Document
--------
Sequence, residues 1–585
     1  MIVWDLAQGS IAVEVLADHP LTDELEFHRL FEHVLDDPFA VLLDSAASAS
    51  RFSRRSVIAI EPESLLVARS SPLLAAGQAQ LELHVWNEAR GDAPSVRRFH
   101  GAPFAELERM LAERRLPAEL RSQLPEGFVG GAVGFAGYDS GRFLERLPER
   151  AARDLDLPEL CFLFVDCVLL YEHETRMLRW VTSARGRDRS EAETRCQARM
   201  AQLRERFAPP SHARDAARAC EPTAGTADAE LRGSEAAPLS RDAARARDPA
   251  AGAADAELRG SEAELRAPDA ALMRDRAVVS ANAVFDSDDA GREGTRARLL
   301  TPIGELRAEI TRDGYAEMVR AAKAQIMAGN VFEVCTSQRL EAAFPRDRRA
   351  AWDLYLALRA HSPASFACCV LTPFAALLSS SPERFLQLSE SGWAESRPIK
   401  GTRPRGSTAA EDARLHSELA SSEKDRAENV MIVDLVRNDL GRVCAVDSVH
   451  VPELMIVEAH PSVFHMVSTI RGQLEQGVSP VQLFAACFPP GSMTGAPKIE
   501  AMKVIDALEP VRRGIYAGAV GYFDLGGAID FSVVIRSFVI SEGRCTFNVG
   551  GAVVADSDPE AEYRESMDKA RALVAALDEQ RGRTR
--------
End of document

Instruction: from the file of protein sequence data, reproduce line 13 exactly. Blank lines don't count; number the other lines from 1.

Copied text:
   551  GAVVADSDPE AEYRESMDKA RALVAALDEQ RGRTR